Most bullies, when asked why they bully, say it's because they have been bullied before and think it is how things are done. They generally do not feel much remorse or guilt when they indulge in this
Bullies often feel that the other child deserved the bad treatment because of something they had said or done. Occasionally, becoming a bully is because of peer pressure, to 'belong' to a group or go with the flow when it is acceptable behaviour amongst peers. They also tend to pick on the 'weaker' ones and this gives them a sense of power and control.
How can you as a parent deal with bullying? Read on for 8 tips!
1. Be good role models.
You need to make sure that those who interact with your child are good role models too.
2. Be respectful of people and their differences.
If your child hears you comment on someone else's appearance, she will think it is okay to do it. Next time you are tempted to label someone else 'naughty', 'fat' or 'stupid', pause for a moment and imagine what it would be like to have to defend that same behaviour in your child. Imagine sitting across from another parent and having to explain why your child called their child 'fat' or 'stupid'.
3. Share strategies with your child on how to react to bullying.
Discuss non-violent ways of responding to a bully, like walking away and playing with other friends. Remember to also emphasise the importance of talking it out and sharing such instances with you.
4. Encourage your child to stand up for what she believes in.
Encourage freedom of thought and expression at home.
5. Speak to your child's teacher.
You can also speak to the head of the school if required, to understand how to address a situation where a child is bullying yours. It is best not to speak to the parent of the other child directly.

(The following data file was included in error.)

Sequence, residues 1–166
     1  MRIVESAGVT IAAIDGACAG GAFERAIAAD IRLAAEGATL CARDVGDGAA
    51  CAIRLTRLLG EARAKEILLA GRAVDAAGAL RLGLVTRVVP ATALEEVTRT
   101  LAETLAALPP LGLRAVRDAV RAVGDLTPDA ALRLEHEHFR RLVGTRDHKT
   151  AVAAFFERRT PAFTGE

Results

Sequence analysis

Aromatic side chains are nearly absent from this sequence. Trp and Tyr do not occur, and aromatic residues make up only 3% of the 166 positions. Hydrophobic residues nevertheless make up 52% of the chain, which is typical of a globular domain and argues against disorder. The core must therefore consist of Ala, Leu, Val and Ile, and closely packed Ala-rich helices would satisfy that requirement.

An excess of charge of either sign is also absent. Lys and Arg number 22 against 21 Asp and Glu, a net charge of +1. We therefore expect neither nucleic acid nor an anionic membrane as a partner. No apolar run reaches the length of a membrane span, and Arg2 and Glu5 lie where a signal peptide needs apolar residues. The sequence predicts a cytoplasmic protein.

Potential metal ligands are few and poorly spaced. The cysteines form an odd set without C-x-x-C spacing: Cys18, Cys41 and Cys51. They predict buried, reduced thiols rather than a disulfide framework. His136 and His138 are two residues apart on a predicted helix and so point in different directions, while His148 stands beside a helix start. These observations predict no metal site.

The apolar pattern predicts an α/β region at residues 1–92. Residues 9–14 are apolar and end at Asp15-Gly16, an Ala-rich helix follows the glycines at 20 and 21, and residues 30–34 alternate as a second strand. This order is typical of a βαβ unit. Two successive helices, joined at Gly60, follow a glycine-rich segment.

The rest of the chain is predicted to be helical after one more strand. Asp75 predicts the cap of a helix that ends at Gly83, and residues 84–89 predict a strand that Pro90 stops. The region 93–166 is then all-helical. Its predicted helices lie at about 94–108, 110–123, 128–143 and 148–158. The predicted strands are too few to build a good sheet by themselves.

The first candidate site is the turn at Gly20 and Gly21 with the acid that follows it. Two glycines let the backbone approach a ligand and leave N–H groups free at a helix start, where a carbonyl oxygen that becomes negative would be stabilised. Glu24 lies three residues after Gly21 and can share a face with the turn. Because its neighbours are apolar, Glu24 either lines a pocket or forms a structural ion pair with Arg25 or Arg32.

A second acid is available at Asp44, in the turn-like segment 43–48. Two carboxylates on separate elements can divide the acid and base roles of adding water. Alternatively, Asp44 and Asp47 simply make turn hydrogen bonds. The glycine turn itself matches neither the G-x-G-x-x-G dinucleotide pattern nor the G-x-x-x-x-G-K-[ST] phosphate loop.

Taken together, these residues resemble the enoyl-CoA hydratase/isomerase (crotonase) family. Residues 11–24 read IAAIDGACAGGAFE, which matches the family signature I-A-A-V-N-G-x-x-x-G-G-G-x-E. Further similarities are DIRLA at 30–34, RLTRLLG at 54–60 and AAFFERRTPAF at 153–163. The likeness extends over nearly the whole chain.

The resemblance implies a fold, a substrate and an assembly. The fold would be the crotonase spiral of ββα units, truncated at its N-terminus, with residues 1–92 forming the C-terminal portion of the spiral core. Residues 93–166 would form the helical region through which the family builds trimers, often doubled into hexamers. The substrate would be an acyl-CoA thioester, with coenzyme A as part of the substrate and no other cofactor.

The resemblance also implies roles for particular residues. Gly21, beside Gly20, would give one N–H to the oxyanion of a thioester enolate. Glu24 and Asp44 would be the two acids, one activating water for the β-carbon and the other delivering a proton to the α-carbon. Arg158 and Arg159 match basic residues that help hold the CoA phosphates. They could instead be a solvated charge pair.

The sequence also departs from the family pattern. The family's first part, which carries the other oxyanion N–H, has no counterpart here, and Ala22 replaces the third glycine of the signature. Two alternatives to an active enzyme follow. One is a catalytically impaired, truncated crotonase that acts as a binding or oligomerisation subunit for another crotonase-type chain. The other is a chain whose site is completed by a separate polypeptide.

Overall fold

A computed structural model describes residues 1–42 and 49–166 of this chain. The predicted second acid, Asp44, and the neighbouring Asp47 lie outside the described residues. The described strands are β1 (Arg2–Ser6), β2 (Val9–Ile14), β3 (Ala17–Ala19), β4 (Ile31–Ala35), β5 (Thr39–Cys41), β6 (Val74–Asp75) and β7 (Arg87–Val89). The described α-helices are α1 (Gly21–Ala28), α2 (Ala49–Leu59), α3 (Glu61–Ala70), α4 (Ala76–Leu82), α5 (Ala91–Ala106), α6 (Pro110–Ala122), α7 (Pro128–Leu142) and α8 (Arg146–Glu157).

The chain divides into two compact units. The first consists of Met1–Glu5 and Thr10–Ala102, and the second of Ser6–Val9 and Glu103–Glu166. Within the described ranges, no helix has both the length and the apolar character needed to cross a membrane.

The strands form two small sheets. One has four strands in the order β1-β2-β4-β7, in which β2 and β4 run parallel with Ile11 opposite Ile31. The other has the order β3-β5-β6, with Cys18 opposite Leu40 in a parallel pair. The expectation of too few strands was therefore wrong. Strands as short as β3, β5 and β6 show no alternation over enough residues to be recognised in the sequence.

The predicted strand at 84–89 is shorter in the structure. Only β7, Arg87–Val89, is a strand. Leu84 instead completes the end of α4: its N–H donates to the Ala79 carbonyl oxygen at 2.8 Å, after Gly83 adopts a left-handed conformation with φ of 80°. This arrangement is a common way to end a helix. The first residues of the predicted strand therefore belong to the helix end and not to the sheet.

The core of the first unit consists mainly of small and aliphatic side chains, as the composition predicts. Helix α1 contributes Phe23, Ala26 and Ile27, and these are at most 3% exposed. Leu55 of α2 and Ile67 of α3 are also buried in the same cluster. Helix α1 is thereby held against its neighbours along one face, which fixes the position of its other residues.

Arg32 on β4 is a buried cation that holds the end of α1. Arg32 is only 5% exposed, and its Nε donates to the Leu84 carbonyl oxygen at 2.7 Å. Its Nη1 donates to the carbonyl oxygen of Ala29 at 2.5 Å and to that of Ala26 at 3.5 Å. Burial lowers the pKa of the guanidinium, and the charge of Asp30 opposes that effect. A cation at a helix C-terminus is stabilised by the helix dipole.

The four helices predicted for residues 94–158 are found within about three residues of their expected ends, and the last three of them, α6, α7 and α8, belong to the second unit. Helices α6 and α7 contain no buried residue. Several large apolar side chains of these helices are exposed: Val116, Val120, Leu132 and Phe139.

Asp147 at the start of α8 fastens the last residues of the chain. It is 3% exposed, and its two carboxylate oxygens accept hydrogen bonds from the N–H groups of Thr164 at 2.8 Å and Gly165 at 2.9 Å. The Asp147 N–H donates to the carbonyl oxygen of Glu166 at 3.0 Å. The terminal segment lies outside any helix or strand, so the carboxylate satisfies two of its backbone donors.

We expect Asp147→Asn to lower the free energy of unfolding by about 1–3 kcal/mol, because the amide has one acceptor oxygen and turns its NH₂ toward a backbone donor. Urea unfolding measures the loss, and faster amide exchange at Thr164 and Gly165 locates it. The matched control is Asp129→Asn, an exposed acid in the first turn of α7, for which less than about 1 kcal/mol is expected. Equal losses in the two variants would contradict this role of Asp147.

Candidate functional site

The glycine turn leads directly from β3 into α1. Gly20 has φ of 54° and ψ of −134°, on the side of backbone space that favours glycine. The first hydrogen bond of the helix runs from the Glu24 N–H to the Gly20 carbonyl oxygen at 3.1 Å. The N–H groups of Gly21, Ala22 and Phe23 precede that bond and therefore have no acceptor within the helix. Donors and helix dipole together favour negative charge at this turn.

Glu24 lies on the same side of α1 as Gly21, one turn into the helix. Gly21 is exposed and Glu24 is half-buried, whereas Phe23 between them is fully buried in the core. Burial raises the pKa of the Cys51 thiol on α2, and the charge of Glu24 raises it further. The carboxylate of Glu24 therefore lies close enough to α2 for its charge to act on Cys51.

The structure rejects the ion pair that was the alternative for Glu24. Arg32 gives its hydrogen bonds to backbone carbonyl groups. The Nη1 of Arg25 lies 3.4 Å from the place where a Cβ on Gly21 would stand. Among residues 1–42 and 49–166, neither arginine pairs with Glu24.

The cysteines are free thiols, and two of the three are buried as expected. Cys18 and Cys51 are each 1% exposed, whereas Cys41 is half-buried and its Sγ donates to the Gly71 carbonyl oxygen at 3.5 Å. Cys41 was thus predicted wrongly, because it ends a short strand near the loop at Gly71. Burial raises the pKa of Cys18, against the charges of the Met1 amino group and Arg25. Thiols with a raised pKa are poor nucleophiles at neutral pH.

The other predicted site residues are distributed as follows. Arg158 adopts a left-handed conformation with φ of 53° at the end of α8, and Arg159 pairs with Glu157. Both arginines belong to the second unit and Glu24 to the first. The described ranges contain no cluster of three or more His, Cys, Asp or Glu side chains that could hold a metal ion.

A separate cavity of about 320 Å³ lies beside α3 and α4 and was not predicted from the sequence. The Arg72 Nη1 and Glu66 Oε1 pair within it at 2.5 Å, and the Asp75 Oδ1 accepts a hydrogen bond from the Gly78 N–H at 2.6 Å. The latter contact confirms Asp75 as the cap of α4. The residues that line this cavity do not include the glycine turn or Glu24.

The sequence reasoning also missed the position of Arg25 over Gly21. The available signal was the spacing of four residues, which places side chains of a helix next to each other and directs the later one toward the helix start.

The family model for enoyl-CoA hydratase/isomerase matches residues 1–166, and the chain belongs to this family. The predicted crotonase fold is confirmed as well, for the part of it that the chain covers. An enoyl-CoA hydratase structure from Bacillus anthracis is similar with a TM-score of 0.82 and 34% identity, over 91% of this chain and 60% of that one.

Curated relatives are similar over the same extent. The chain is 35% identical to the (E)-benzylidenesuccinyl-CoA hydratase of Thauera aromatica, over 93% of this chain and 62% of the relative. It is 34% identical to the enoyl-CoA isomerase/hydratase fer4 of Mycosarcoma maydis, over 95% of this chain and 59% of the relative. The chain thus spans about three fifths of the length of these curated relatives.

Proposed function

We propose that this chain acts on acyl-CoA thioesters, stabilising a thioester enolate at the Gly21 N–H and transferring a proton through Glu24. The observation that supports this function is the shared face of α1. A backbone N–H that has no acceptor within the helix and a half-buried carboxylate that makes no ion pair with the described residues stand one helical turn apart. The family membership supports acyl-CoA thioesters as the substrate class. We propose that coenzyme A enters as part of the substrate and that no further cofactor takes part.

It is best not to speak to the parent of the other child directly.
6. Compliment your child on her positive behaviour.
Build her self-esteem to model good behaviour.
7. Have conversations with your child on a daily basis about what happened in school.
Very often, you may get monosyllables as a response - 'fine', 'nothing', 'the same' etc. Use creative questioning strategies such as 'If a spaceship were to come to your school and take someone away, who do you think it should be?' or 'What was the best part of your day?' or 'If there was anything that you'd like to change about your school, what would it be?'
8. Be vigilant and watch out for signs of interpersonal difficulties.
Interpersonal difficulties include loss of friends, poor grades, lack of concentration or interest in activities that were previously popular with your child, reluctance to go to school, or difficult-to-explain injuries.
It is difficult for parents to believe that their child is a bully. However, if this happens, it is important to remember that this behaviour can be unlearned. If your child is overly aggressive, often fights with siblings, is an arrogant winner or sore loser, it may be her way of dealing with anger, frustration or a sense of inadequacy. Talk to your child about these feelings, encourage instances of good behaviour, discuss with your child how such behaviour is not okay and that everyone should be treated with kindness and respect.